Redistricting could impact Black community in Tampa and St. Pete

Dianne Hart on Primary Election Day, 2018

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Redistricting is underway across Florida. Every ten years, census data is used to redraw boundary lines for all districts in Florida. This week in Tampa, Democratic State Representatives Susan Valdes and Dianne Hart hosted a town hall meeting on upcoming redistricting across the state. Hart is on the State Legislative Redistricting Subcommittee and spoke about the process and maps they’re working with. She has concerns about splitting the Black community.

“The lines should not be zigzag all around,” Hart said. “What we sometimes hear is gerrymandering. But to keep districts whole, to be able to keep your cities whole.”

A community split

Each State House district should have about 175,000 residents. District lines can’t discriminate on the basis of race or ethnicity. With a massive influx of new residents in Florida, especially the Tampa Bay area, redistricting has gotten even more complicated and the current maps reflect that.

“In the city of Tampa, we are going to let a Black community darn near in half,” Hart said. “And then we’re going to pick up the Blacks over in South St. Pete to create that minority access.”

Hart says water is considered contiguous in the drawing of maps. That’s how some current maps could potentially combine Black communities in Tampa and St. Pete into one district.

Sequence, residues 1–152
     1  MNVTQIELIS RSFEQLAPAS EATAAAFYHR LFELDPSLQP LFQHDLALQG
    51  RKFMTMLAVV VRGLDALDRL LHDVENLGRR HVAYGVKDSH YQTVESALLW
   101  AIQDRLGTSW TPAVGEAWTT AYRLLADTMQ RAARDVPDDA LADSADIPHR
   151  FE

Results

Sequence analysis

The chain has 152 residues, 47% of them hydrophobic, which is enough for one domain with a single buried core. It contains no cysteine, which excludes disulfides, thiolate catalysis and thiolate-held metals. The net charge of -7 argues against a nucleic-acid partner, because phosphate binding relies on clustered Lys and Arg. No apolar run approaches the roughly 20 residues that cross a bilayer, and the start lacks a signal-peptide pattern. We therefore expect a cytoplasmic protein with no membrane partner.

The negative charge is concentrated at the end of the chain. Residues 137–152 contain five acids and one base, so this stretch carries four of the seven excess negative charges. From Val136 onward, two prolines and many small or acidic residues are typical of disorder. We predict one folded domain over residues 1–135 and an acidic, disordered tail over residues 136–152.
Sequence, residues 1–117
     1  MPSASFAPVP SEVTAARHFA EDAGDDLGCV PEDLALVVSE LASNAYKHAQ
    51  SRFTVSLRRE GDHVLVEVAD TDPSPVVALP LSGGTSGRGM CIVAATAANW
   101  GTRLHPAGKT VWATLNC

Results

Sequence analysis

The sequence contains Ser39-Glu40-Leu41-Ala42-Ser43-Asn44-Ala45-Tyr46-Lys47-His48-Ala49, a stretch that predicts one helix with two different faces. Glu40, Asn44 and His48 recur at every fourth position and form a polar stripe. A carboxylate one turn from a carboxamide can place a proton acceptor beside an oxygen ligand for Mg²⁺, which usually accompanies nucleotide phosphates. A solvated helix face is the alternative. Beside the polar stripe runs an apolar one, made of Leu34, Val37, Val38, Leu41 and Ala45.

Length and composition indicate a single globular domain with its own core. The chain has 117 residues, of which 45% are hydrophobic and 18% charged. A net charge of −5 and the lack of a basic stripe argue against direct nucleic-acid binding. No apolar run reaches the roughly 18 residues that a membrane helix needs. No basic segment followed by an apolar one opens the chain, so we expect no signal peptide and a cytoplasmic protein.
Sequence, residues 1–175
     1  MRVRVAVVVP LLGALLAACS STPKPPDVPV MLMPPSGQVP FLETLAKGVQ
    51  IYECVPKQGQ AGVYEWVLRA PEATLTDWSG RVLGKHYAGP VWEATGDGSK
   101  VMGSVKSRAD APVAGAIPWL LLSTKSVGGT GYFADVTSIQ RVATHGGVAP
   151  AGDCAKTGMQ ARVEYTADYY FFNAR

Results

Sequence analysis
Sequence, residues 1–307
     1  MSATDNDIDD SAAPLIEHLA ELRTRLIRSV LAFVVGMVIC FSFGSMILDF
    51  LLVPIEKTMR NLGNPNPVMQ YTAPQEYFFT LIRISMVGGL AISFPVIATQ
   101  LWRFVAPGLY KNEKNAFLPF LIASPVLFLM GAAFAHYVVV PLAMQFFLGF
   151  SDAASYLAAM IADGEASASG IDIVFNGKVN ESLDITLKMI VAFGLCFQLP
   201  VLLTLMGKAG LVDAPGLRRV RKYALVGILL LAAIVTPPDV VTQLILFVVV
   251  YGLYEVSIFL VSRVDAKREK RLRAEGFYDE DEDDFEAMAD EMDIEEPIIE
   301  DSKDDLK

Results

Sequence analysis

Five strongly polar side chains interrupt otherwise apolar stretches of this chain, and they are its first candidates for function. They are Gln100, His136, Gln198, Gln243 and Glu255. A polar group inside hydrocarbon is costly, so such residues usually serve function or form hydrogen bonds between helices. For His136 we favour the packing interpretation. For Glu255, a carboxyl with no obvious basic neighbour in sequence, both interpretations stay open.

District communities could be combined

“St. Pete doesn’t want to come to Tampa to meet with their representatives or vice versa,” Hart said. “They’d like to have a representative in the same area, just as the people in Tampa, in that particular district, would like to have their very own representative.”

District numbers do change, Hart says, and that isn’t cause for concern. But what does matters is how counties are kept intact and how communities are maintained.

“The issue is how are lines drawn,” Hart said. “And whether or not cities are kept whole, and whether or not counties are kept whole as they draw the various boundary lines.”

This week the Florida Legislature begins its regular session. Hart says residents should watch the redistricting subcommittee’s meeting next Tuesday at 4 in the afternoon on the Florida Channel. She also encourages citizens to give feedback on proposed maps at visit floridaredistricting.gov. 

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